American abolitionists (fl. 1829-1865) were those who worked to abolish slavery to free the slaves. Among others:
David Walker wrote “An Appeal to the Coloured People of the World” (1829) three years after the death of Thomas Jefferson, arguing against his racist ideas: “I say, that unless we refute Mr. Jefferson’s arguments respecting us, we will only establish them.” Walker said whites were keeping blacks down by denying them education and pushing a twisted, racist form of Christianity. Walker called for civil rights organizations, black self-help and the violent overthrow of slavery. The “Appeal” was a guiding star for many blacks. It even radicalized whites.
Nat Turner led a slave uprising in south-eastern Virginia. He went from farm to farm killing whites, freeing slaves and gathering men to his cause. It left 60 whites and 100 blacks dead. Whites killed another 250 blacks in the violent crackdown that followed. Ended any idea that blacks were contented slaves.
William Lloyd Garrison founded The Liberator, an abolitionist newspaper, in 1831, little read till Nat Turner’s uprising later that year. Garrison believed in the immediate abolition of slavery, in blacks and whites living together as equals – radical stuff. He made an appeal to the moral conscience of slave owners in the South only to find that even whites in the North were mostly for slavery. He ran junk mail campaigns, boycotts, speaking tours and his newspaper to turn public opinion in the North. He burned the Constitution, calling it an agreement with hell. His radical views made Lincoln seem like the voice of reason.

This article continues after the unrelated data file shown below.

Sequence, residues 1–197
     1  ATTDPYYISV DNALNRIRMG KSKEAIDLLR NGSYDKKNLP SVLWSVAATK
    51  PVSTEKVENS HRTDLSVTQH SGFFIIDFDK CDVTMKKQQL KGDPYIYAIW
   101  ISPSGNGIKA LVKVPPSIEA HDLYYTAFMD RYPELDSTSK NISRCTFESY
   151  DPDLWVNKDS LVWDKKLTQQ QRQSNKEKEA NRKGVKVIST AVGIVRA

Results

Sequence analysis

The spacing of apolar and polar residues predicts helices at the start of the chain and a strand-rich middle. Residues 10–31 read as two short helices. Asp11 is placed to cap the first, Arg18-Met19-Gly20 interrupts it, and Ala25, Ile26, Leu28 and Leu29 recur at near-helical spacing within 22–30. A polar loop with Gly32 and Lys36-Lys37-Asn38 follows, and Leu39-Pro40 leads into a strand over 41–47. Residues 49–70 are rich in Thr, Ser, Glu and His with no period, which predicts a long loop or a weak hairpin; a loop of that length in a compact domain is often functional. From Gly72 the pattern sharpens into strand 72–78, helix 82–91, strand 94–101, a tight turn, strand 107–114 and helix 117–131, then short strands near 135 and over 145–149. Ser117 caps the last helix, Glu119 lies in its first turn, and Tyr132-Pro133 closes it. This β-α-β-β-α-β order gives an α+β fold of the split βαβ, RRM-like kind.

Frederick Douglass, a former slave and great public speaker, wrote the best known first-hand account of American slavery: “Narrative of the Life of Frederick Douglass, an American Slave” (1845). While the backbone of the abolitionist movement was black, the leadership was largely white. Douglass gave it a black voice and a black leader. He talked Lincoln out of sending blacks back to Africa.
Harriet Tubman a former slave who was the most successful “conductor” of the Underground Railroad: during the 1850s she went back south to help over 200 to escape slavery. She brought men to John Brown’s cause.
Harriet Beecher Stowe wrote “Uncle Tom’s Cabin” (1852), a huge best-selling book that became a play. More than anything else it turned mainstream white opinion in the North against slavery. It did not use arguments or facts and figures. Instead it put white readers in the shoes of black slaves to show them what it felt like.
John Brown in 1859 took Harpers Ferry where the government kept 150,000 guns. He hoped to gain arms for a slave uprising in western Virginia. The government sent the Marines, put him on trial and hanged him. He became a hero throughout the North.
Abraham Lincoln as late as December 1862 was willing to let the South keep its slaves to make peace. In 1863 he turned: he championed the abolitionist cause in the Emancipation Proclamation and Gettysburg Address, in accepting blacks into the army. He pushed through the Thirteenth Amendment, outlawing slavery in 1865.